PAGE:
Warsan Shire, Ugly. Online. Flipped eye. London. 2011 retrieved from http://www.poetryinternationalweb.net/pi/site/poem/item/22839/auto/0/0/Warsan-Shire/UGLY
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Morality Then and Now

Words: 1210 Length: 9 Pages Document Type: Essay Paper #: 38615227

.....versus that of a general more one, it is without a doubt that the different cultures and societies of the world have evolved a great deal over the millennia. The Christians are a good example. The Christians of the Crusades or Christians of the Church of England are far from being the Christians of today. Similarly, the Muslims of the Crusades or the Muslims that have fought for 1,400 years (and counting) over the successor of Muhammad have in many ways shifted since the day of the prophet, even if many others are still fighting (Hall). One might suggest that this is a natural evolution and that there has been a development of the moral standard over time. However, there is more than one idea to suggest that this could not and should not be the case. First, the fact that women are subjugated, limited and oppressed cannot be dismissed…… [Read More]

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Sudan Nation at War With

Words: 1335 Length: 4 Pages Document Type: Term Paper Paper #: 899949

Nimeiri also made Islamic law part of the penal code, which included public beatings for consuming alcohol and cutting off hands of people convicted of stealing. All Sudanese nationals, even non-Muslims were subject to this law. Nimeiri was eventually overthrown in a coup, but the Southern-Northern tensions remained, as the government continued to be dominated by Islamic supporters.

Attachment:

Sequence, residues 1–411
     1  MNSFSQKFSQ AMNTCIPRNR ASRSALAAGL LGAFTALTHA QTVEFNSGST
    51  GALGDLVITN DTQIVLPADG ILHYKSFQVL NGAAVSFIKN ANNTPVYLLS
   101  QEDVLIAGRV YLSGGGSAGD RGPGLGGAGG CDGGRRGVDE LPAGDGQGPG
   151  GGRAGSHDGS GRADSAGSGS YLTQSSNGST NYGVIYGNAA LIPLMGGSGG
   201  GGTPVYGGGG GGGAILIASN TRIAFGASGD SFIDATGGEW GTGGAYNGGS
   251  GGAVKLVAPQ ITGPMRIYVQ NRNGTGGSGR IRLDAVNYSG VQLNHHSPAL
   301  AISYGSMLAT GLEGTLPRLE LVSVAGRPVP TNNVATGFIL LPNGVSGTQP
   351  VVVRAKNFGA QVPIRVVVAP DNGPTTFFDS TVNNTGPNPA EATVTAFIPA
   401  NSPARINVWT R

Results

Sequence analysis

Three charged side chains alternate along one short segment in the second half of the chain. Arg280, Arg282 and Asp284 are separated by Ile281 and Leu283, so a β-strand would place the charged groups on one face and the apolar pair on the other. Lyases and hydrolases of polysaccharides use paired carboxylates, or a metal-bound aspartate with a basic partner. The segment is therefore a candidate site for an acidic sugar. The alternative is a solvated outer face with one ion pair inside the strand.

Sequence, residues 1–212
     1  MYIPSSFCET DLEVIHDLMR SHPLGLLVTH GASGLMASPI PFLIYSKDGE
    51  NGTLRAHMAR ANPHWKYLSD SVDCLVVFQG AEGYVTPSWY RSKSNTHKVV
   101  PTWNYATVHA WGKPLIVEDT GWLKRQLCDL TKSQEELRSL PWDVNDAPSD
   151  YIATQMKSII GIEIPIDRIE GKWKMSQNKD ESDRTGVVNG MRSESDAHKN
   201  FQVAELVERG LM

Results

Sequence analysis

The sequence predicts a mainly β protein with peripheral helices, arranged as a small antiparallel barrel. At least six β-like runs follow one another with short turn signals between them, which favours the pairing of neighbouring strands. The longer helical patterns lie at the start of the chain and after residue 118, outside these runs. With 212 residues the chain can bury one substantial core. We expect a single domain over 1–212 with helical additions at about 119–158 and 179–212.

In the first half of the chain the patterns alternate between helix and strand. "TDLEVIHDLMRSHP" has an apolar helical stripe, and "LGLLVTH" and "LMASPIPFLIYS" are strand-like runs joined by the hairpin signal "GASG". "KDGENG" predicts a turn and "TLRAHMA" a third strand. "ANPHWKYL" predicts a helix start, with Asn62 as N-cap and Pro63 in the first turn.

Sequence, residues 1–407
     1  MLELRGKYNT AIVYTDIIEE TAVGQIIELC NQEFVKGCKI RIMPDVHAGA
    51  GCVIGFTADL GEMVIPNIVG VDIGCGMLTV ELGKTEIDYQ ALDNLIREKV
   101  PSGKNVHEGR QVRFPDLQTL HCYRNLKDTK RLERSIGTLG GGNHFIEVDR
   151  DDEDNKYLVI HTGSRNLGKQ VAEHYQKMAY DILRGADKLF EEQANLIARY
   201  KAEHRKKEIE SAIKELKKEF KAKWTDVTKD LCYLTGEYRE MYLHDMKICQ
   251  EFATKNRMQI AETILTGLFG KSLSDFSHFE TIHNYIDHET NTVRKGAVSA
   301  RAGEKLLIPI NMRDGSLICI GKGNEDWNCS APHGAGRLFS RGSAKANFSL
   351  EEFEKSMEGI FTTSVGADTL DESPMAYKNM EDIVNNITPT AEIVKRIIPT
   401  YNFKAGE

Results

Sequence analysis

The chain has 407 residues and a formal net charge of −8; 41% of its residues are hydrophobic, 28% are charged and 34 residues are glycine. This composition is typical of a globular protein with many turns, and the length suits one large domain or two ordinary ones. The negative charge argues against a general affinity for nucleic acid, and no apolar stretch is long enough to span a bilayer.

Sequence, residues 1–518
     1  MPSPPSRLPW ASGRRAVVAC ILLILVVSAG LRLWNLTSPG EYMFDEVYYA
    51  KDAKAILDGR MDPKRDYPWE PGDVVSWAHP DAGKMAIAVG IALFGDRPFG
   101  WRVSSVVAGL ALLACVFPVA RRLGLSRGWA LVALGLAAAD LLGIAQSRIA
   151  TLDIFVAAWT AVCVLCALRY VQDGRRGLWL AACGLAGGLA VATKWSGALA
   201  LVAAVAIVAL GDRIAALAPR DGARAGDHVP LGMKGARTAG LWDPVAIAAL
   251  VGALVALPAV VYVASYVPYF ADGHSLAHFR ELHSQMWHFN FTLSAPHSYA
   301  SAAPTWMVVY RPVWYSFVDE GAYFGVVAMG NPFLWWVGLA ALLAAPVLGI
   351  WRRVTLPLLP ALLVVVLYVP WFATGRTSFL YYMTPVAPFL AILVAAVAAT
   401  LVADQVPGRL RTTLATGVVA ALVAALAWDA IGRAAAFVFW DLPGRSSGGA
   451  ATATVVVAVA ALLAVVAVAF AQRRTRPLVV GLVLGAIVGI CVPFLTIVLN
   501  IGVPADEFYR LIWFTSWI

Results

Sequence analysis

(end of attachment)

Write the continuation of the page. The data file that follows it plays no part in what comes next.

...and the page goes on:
Full-fledged civil conflict erupted again, and did not end until July 2002, when the Northern and Islamic-dominated government and the rebel confederation of Southern Sudan People's Liberation Movement/Army SPLM/a reached a historic agreement on the role of state and religion and the right of Southern Sudanese tribes to self-determination in a federal system ("Background Note: Sudan," 2007, Bureau of African Affairs).

omen and Development

Because of the violence and war in Sudanese society, coupled with highly traditional fundamentalist and indigenous beliefs about the role of women in society, humiliating women is often…… [Read More]

Works Cited

Alvy, Lisa. (4 Dec 2004)." Violence against women in Sudan reveals common weapon of war." The National Organization of Women (NOW). Retrieved 29 Jul 2007 at  http://www.now.org/issues/global/120304sudan.html 

Background Note: Sudan." (Mar 2007). Bureau of African Affairs. U.S. Department of State. Retrieved 29 Jul 2007 at  http://www.state.gov/r/pa/ei/bgn/5424.htm 

The Sudan." (2007). World Fact Book. CIA. Retrieved 29 Jul 2007 at https://www.cia.gov/library/publications/the-world-factbook/print/su.html

Sudan Fact Sheet: Status of women." (2007). WomenforWomen International. Retrieved 29 Jul 2007 at  http://www.womenforwomen.org/swsudan.htm
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Women and Human Rights Summaries